Table of Contents
- Installing virtualenv
- Create a new virtual environment
- Activating Virtual Environment
- Using the Virtual Environment
- Deactivating the Virtual Environment
- Putting it all together
There are two philosophies when it comes to package installation, global first and local first. Global meaning all applications that rely on a certain package have access to the same copy of the library that was installed once. Local means that each project has its own folder of dependencies installed specifically for this project and each library is installed many times. NPM, for example, uses local first strategy. Pip in Python uses global first strategy by default.
Both approaches have their benefits and drawbacks. In this post I wanted to show how to use a Python library called virtualenv to created isolated (local) python environments.
As usual, it’s as simple as:
pip install virtualenv
Create a new virtual environment
Navigate to the folder where you want the project set up and run:
Normally, I just name my python folder as
venv so in my case I would run:
This will set up Python as well as pip that you can use locally.
Note that this command will install either Python 2 or Python 3 depending on your system set up. In my case it installs Python 3.
If I wanted to use Python 2, I can specify the path to Python version to use.
Code language: PHP (php)
$ which python2 /usr/local/bin/python2 # <------- Use this $ virtualenv -p /usr/local/bin/python2 venv
For the purpose of this tutorial, let’s stick with default Python 3 installation.
Activating Virtual Environment
At this point we are still running Python in usual mode and running
pip install will install a package globally.
We need to “switch” into the virtual environment by running the activation command:
At this point your session will be updated to point to your local
pip from your
You can verify this by running:
(venv) $ which python /someproject/venv/bin/python (venv) $ which pip /someproject/venv/bin/pip
which will show that both Python and Pip are running locally.
Using the Virtual Environment
This is really it. You can now do your work in the virtual environment and anything installed with
pip install will show up in your local
For example let’s install Pandas.
Code language: PHP (php)
(venv) $ pip install pandas # ... pip magic (venv) $ ls /someproject/venv/lib/python3.6/site-packages/ | grep pandas pandas pandas-0.23.4.dist-info
Deactivating the Virtual Environment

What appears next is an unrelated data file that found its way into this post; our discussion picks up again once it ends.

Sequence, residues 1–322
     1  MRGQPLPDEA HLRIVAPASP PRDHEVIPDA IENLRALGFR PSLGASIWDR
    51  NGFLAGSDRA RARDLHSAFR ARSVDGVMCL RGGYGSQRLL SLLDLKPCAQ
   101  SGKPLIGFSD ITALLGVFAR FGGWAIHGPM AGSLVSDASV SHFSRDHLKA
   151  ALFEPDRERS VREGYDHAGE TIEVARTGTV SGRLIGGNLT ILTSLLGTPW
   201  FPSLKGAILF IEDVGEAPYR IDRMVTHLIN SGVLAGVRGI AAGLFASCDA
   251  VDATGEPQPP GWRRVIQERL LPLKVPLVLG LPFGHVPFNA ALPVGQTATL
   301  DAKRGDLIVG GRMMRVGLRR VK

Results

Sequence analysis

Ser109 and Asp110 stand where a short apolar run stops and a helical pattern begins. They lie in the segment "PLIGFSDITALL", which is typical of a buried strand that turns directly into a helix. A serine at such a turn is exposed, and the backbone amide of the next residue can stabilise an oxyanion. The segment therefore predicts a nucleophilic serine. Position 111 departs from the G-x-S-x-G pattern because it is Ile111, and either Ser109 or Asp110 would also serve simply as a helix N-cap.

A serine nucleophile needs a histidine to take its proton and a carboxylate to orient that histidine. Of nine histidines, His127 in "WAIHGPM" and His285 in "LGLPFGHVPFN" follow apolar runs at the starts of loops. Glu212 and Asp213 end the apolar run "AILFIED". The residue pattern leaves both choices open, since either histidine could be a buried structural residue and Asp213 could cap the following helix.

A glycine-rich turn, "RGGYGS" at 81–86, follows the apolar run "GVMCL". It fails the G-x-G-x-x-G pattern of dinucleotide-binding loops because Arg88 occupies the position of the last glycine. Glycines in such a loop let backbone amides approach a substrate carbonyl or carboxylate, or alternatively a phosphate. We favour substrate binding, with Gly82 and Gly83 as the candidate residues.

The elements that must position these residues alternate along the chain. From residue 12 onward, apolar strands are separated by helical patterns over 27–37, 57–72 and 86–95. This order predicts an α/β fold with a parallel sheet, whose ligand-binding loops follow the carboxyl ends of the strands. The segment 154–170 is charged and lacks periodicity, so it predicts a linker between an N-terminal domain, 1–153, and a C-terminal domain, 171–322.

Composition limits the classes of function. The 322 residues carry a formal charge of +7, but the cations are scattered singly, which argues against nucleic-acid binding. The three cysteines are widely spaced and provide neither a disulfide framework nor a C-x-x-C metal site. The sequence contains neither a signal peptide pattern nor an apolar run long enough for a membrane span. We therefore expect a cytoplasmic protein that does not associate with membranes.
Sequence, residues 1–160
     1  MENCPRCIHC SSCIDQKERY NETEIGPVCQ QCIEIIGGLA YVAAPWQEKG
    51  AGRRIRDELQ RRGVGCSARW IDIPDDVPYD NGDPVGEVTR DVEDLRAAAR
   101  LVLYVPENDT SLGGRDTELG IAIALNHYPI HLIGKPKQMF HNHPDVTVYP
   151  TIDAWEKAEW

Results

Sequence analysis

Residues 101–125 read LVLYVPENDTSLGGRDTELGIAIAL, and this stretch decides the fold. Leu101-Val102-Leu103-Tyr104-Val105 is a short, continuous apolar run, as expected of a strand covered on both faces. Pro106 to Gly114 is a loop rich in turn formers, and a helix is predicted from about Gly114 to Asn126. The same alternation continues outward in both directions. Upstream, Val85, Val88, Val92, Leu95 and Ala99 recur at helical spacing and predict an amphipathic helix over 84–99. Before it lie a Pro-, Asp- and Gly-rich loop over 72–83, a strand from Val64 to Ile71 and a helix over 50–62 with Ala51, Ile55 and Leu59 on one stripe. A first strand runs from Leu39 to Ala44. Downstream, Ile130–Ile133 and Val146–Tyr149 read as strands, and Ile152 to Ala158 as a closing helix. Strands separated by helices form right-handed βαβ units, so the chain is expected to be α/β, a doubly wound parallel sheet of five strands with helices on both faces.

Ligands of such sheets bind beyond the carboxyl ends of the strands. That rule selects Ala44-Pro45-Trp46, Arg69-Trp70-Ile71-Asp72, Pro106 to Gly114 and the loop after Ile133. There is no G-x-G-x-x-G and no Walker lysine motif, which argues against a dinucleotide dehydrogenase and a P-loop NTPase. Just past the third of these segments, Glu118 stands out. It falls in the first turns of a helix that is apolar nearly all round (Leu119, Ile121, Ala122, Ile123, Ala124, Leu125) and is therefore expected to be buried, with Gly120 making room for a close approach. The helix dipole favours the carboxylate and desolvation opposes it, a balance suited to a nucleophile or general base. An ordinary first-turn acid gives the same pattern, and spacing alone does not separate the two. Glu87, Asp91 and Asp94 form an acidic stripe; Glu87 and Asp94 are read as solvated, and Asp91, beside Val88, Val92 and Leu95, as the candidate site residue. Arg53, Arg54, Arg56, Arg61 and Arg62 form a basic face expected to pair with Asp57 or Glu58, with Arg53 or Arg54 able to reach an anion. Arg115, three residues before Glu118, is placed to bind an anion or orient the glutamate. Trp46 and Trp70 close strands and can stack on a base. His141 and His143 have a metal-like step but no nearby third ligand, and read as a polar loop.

When you are done with local environment, simply run
deactivate in your shell to go back to the regular Python flow.
(venv) $ which python /someproject/venv/bin/python (venv) $ deactivate $ which python /usr/local/bin/python
Putting it all together
I have a repo where I show how to use Google Cloud API to convert speech to text. Let’s go ahead and clone it.
Code language: PHP (php)
$ git clone firstname.lastname@example.org:akras14/speech-to-text.git $ cd speech-to-text/ $ ls . .gitignore requirements.txt transcripts .. README.md slow.py venv .git fast.py source $ cat .gitignore api-key.json parts/ venv
As you can see above, in my
.gitignore file I have an entry for my
venv folder, because I don’t want to check-in my local dependencies. Since there is no
venv folder in this cloned repo, so let’s create it and source it.
$ virtualenv venv $ source venv/bin/activate
At this point I am running local
pip. Let me go ahead and install all dependencies from
$ pip install -r requirements.txt
After install is done I will see all needed packages installed in my
Code language: HTML, XML (xml)
<br />(venv) $ cat requirements.txt google-api-python-client==1.6.4 httplib2==0.10.3 oauth2client==4.1.2 pyasn1==0.4.2 pyasn1-modules==0.2.1 rsa==3.4.2 six==1.11.0 SpeechRecognition==3.8.1 tqdm==4.19.5 uritemplate==3.0.0 (venv) $ ls venv/lib/python3.6/site-packages/ SpeechRecognition-3.8.1.dist-info oauth2client pyasn1_modules-0.2.1.dist-info tqdm __pycache__ oauth2client-4.1.2.dist-info rsa tqdm-4.19.5.dist-info apiclient pip rsa-3.4.2.dist-info uritemplate easy_install.py pip-18.0.dist-info setuptools uritemplate-3.0.0.dist-info google_api_python_client-1.6.4.dist-info pkg_resources setuptools-40.1.0.dist-info wheel googleapiclient pyasn1 six-1.11.0.dist-info wheel-0.31.1.dist-info httplib2 pyasn1-0.4.2.dist-info six.py httplib2-0.10.3.dist-info pyasn1_modules speech_recognition
As a side note,
requirements.txt is a
pip convention for storing dependencies. Kind of like
package.json file in NPM.
pip has a command called
freeze which will list all dependencies for the project.
$ pip freeze google-api-python-client==1.6.4 httplib2==0.10.3 oauth2client==4.1.2 pyasn1==0.4.2 pyasn1-modules==0.2.1 rsa==3.4.2 six==1.11.0 SpeechRecognition==3.8.1 tqdm==4.19.5 uritemplate==3.0.0
To record project dependancies we just have to redirect result of
pip freeze into a txt file.
Code language: CSS (css)
pip freeze > requirements.txt
Checking this file in, will make sure that the next person using this project will have the same dependencies as we did.
In any case, now that our dependancies are installed, we are ready to run the repo. Once we are done, we can de-activate it or simply exit this shell session.
That’s really it. In true spirit of Python – using virtualenv is very simple and effective.